Body Odor

Young women's version of this guide

Body odor is natural and is usually caused by sweating. When you are hot, feel nervous, or start exercising, you are likely to sweat more. This is your body’s way of regulating your inner temperature. Yes, it’s annoying, but sweating and body odor is not something to be afraid of. Sweating is actually good for you, and body odor can easily be prevented.

What causes body odor?

As you go through puberty, it’s natural for you to perspire (sweat) more than before. Sweating is actually very important because it prevents you from overheating by working as your natural air conditioner. As you get hot, your body sweats so that when the air touches your sweaty skin and dries up the moisture, your body cools down.

Where does body odor come from?

When sweat mixes with the natural bacteria on your skin, it causes body odor. Sweat comes from the areas of your body with the most sweat glands such as under your arms, the palms of your hands, the bottom of your feet, and between your legs. During puberty, your sweat glands become more active and your body chemistry begins to change. When this happens, you will start to sweat more, which can lead to body odor.

What can I do to prevent body odor?

The best way to prevent body odor is by taking showers regularly and making sure to wash every part of your body. Plain soap and water are fine. There are no health benefits to using expensive soaps or body washes.

Other ways to prevent body odor include:

  • Wearing clean clothes
  • Using deodorant or antiperspirants
  • Wearing cotton underwear and other natural fabrics. Synthetic materials such as polyester, rayon and silk are not as breathable and can cause you to sweat more.
  • Using a medicated foot powder or antifungal spray to prevent foot odor. It’s also important to air out sweaty athletic shoes/sneakers.

Don’t rely on perfumes and sprays to cover up body odor. Because body odor is caused by a mix of bacteria and sweat, it’s important to use soap and water to kill the bacteria.

What’s the difference between deodorants and antiperspirants?

  • Deodorants control and cover up odor.
  • Antiperspirants reduce wetness by drying up sweat.

Both deodorants and antiperspirants can come in many forms (sprays, sticks, powders, roll-ons, gels etc.) and can be scented or unscented. There are many different products to choose from. It’s up to you to use the product that you like best.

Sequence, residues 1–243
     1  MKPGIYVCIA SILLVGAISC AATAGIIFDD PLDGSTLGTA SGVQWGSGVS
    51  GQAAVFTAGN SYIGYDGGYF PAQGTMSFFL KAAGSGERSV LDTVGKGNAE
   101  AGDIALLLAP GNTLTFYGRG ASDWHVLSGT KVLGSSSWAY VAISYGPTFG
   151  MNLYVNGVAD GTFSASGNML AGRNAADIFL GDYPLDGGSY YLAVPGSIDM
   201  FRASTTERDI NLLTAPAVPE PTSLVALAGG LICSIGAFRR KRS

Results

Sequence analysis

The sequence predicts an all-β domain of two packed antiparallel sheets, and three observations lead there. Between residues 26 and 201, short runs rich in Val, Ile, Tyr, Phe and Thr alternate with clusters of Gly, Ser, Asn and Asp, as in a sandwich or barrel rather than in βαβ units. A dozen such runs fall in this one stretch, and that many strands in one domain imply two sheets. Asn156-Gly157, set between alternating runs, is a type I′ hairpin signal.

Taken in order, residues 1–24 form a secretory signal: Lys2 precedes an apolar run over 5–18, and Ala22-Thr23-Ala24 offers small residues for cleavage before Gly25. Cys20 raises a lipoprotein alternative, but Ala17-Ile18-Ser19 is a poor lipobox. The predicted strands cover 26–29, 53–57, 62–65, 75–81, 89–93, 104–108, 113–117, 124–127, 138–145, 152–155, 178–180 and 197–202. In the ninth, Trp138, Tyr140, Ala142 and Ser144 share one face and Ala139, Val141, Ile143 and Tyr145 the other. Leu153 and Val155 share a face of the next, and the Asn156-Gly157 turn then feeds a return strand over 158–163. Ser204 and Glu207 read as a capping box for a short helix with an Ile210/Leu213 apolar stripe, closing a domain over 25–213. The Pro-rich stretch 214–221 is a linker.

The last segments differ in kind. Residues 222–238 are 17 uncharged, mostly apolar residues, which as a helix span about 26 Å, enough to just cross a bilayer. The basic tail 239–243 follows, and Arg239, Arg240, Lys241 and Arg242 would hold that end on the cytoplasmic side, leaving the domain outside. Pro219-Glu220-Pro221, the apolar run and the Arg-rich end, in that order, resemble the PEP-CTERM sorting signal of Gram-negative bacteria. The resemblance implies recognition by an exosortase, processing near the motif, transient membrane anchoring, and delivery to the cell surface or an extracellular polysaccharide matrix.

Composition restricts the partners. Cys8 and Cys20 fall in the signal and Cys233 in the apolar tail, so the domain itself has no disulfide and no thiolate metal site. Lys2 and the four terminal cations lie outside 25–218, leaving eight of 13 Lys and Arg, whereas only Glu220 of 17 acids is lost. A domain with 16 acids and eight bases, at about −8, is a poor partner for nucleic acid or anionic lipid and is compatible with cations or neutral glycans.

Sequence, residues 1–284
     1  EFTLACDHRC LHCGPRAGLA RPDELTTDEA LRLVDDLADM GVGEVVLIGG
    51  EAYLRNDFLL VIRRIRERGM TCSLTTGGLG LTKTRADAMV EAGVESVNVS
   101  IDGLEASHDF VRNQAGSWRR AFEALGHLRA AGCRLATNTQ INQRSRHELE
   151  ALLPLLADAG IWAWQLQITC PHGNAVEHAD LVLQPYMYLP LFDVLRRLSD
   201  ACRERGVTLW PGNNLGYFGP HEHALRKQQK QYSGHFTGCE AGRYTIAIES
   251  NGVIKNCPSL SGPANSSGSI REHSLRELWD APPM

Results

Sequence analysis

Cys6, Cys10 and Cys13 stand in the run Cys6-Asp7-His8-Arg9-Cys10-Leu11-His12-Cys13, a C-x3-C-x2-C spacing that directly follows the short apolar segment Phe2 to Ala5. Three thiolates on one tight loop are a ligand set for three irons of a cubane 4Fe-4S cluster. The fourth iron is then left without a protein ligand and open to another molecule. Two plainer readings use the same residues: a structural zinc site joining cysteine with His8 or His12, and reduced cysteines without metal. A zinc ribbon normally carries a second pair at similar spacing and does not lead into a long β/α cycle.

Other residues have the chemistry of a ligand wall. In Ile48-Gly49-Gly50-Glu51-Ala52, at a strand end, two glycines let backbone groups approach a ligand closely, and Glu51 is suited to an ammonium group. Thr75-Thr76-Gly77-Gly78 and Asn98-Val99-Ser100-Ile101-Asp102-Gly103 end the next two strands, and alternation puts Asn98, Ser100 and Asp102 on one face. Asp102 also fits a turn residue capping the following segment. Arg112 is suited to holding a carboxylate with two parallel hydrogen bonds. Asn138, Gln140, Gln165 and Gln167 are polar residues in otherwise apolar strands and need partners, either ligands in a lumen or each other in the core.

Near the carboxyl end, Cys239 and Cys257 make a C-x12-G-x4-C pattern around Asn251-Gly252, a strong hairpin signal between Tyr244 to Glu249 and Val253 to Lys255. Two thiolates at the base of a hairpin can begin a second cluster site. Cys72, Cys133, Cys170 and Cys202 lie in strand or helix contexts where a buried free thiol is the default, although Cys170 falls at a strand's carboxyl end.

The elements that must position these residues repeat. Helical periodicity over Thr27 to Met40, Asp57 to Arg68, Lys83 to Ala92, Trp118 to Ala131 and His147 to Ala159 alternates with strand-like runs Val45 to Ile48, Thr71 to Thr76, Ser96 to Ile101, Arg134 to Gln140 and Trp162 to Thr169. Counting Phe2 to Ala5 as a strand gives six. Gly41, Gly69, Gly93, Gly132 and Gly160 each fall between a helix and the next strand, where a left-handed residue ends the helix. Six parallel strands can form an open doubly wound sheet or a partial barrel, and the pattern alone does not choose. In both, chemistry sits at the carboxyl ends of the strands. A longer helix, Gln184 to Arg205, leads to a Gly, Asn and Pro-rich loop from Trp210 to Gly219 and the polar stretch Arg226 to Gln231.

Are antiperspirants safe?

Yes. Aluminum chloralhydrate is a substance that is used in most antiperspirants to reduce wetness. Some people might worry that it’s dangerous, but no research studies have shown that antiperspirants are unsafe.

When should I put on deodorant?

Read the instructions on the product. Some products may say that they work best if applied in the morning, at bedtime, or right after taking a shower. It may also be a good idea to apply deodorant before working out or a doing physical activity that you know will make you sweat a lot. It’s a good idea to avoid using deodorant right after shaving your underarms as this may cause stinging and/or a rash.

I sweat a lot when I work out. Should I drink more water?

Yes! When you sweat, your body loses water. Sweating is normal and it helps to regulate your body’s temperature however, if you lose too much water, you can become dehydrated. Dehydration can make you feel weak and tired, and affect your performance. Water is the best fluid to drink to stay hydrated however if you are very active for 60 minutes or longer, your body is likely also losing electrolytes (such as calcium, chloride, magnesium, phosphorus, potassium, and sodium). You’ll need to drink something in addition to water such as a sports drink that contains sodium and potassium.

  • Before exercise: Drink about 8-16 oz. of water about 1-2 hours before your work out so you will be well hydrated before you begin to use up energy. This amount will vary depending on your size/weight. One gulp = about 1 ounce of fluid.
  • During exercise: Drink about 4-8 oz. of water every 15-20 minutes. If you are exercising for less than an hour, drink water based on your thirst and the weather (if it’s hot or humid, you need more water).
  • After exercise: Drink 16-24oz water within two hours after exercise
If you think you sweat more than your friends when they are doing a similar activity or if you sweat when you are not active, talk to your health care provider.